The first day back to school this year was a real struggle for Meg Allison. The room is still and silent as the lights flicker on. With tears in her eyes, Meg Allison entered the U-32 library for the first time in a long time. 

 

More than four months later, Meg…

 

I’ve slowly gotten used to it,” she said, “but that doesn’t make it any easier.”

 

The library has had to adapt to the pandemic. Over the last year, Meg Allison has been working along with other librarians to improve the library by creating a safe environment that meets CDC guidelines and still allows students access to books. 

 

One challenge for the library is the lack of space for students to peruse the variety of books available due to social distancing and occupancy restrictions. The school has needed to rely on students to seek out the library versus the traditional open-door policy and walk-in. 

 

“[W]e’ve definitely been checking out books and have been busy,” Meg said, “but it’s not nearly as much”.

 

Ella Douse is a sophomore and a library regular who appreciates what the library has been doing. She said it is just unfortunate not to be able to have space. 

 

I love the library,” she said. ”Without the people and it being shut down it was just weird.” 

Meg and the library team are working toward getting students back inside the library space, recognizing the importance of being physically present and exploring books. 

 

“Students can come in when they have free bands,” Meg said.” We have support from our admin team to create sort of like appointment slots for students.” Meg said the team has also been working with English teachers to spread awareness about the library. For example, the 10th-grade Humanities classes have made posters and Instagram posts recommending books you can get at the library. 

 

“We have been working with English teachers…Working around and going into classrooms.”

 

Over the remote weeks last year, the library was able to get books out to people even with the challenges of the pandemic. “[W]e circulated 1100 books in three days,” Meg said. “We basically opened the doors to the library and said ‘take them.”

 

One other student, sophomore Natalie Wild, got books during the lockdown by reserving them to be picked up at the front entry.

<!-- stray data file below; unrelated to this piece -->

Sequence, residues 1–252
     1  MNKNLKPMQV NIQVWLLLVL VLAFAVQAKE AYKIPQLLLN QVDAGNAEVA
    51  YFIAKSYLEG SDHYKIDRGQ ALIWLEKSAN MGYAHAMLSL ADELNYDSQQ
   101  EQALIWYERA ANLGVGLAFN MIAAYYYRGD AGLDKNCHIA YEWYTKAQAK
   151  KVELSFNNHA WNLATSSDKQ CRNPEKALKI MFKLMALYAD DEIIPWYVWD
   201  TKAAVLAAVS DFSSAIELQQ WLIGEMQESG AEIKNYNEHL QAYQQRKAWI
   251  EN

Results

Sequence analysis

“It was nice to have those books that I otherwise would not have,” Natalie said. “It was a really good idea to adapt like that.”  

 

The new library advisory board has been instrumental in getting the library message out and has helped to come up with new, fresh ideas. They have been meeting periodically throughout this school year. For example, they have been working on pushing out surveys to the students to ask what they want the library to look like. 

 

It’s comprised of students right now,” Meg said. “Because I want student’s voices to be a part of the conversation about the changes the library needs to make so that everybody feels really welcome.”

 

“[N]ot everybody feels welcome in the library, for whatever reason,” she said. “Maybe they’ve lost a library book and they don’t feel comfortable checking out another one, or they feel shame about that, or their friends aren’t in the library or they feel like it’s a space for different kinds of kids right. So I want to make sure the library feels really welcoming to all our students, the ones who use it and the ones who don’t.”

 

The library has been working on getting some of their extra offerings back, but Meg said there are some challenges. 

 

“If we did like an open mic, for example, we had people singing and poets, there were all during callbacks,” she said. “And because I don’t have a class, there’s no library class. So callbacks were huge.”

 

Despite the challenges that this pandemic has brought, “I want the readers to know that the library is not canceled,” Meg said. “Books are still here waiting for them, and that we are open for business.”